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A ScrumMaster's Agile Facilitation Techniques

20 October 2017

Niranjan Nerlige V
Exelplus Services

Agile facilitation is becoming more and more widely used to support Agile teams. I have found, in my own experience as a ScrumMaster, coach, and trainer, that facilitation is one of the chief responsibilities of a ScrumMaster.

The ScrumMaster needs to support the team in Scrum ceremonies in order to follow their purpose (as well as Scrum processes) and to engage in continuous improvement. Many Agile teams are unable to resolve conflicts themselves, and they would be in much better position if someone like the ScrumMaster were to wear the facilitator hat in helping them to arrive at a common understanding. Agile teams need an environment of consensus to reach agreement during team issues, figuring out their impediments, or in many project situations. Therefore the role of the ScrumMaster as a facilitator becomes highly important. ScrumMasters need to help create an environment in which team members can come to some common understanding despite varying personal preferences.

During facilitation, the facilitator must, of course, take as neutral a position as possible. In this article I have detailed three of my favorite facilitation techniques, all of which I have successfully used as a ScrumMaster and Agile coach.

What is a facilitator?

“Someone who helps a group of people understand their common objectives and assists them to plan how to achieve these objectives; in doing so, the facilitator remains ‘neutral,’ meaning he/she doesn’t take a particular position in the discussion.” — Barry Overeem, Scrum Trainer (
Image courtesy of

How the ScrumMaster facilitates the Scrum Team

These are my favorite techniques for facilitating group decision making:
  • Dot voting
  • Fist of Five voting
  • Thumb voting

Dot voting

This method allows the group to narrow the options and focus on what is important.
  1. Give everyone three votes. This is important, because it helps people to make clearer choices, without having to pick “just one.”
  2. Each person marks his or her vote by placing a dot on the written option or on a sticky note.
  3. Have everyone vote at the same time (as far as is possible). This will avoid political overtones of voting.
  4. After the voting, count the dots for each option. The results show where the group should focus its actions.
Use Dot voting to identify the team’s top choices. I have found this useful to help the team come to consensus quickly, without wasting much time and also without hurting anyone by making them feel unheard.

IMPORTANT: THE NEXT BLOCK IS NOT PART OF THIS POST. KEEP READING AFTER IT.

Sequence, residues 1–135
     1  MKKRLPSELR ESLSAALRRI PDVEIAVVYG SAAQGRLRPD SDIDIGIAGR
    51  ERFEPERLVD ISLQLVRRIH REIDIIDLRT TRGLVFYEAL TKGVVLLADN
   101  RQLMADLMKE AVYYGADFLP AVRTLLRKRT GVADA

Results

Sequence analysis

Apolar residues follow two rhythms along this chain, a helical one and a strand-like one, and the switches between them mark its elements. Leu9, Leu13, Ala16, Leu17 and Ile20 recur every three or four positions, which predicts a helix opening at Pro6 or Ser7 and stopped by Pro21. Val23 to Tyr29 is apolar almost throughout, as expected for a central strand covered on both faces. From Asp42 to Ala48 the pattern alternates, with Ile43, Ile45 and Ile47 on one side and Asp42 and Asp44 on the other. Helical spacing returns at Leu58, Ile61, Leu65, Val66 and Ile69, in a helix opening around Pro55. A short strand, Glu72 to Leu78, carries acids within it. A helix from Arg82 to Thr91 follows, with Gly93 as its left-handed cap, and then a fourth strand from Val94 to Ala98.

Example: What we should we order for lunch?
Final consensus: Indian buffet

Fist of Five

Fist of Five is a technique used by Agile software development teams to poll team members and help achieve consensus. I have used this technique many times in situations where it requires a group to agree to commit to certain features, prioritize the problems to tackle, and agree when deciding among multiple solutions.

0 fingers (fist): No way. This vote blocks consensus.
1 finger: I have serious reservations about this idea, but I vote to move forward.
2 fingers: I have some concerns, but I’ll go along and try it.
3 fingers: I support the idea.
4 fingers: I like this idea; sounds good.
5 fingers: Absolutely, the best idea ever! I’ll champion it.

Here’s how to use this technique:
  1. State the question: “Is everyone OK with Indian food for lunch?”
  2. Count: 1, 2, 3, vote! Everyone votes at the same time by holding up 0, 1, 2, 3, 4, or 5 fingers.
  3. The facilitator (or vote caller) looks around the room and quickly tallies the votes
  4. Based on the goal of the vote (as noted above), the facilitator may need to take next steps:
    • Goal: Learn and gain consensus — If you have some 0s, 1s, or 2s, ask for reasons.
    • After discussion, vote again if the previous results were inconclusive.

Thumb voting

Thumb voting is a simple version of the voting described above. I have found this technique particularly useful when group has to decide in a very short time on possible alternatives to solve an issue. The majority vote wins. (Of course, in cases of a tie there will be the need for further discussion and consensus building.)

Opinions represent those of the author and not of Scrum Alliance. The sharing of member-contributed content on this site does not imply endorsement of specific Scrum methods or practices beyond those taught by Scrum Alliance Certified Trainers and Coaches.

Article Rating

Current rating: 4.3 (4 ratings)


Mark Alcantara, CSP,CSM, 1/9/2018 10:51:50 AM
Thanks for posting this. Nice article on how to gather team consensus!

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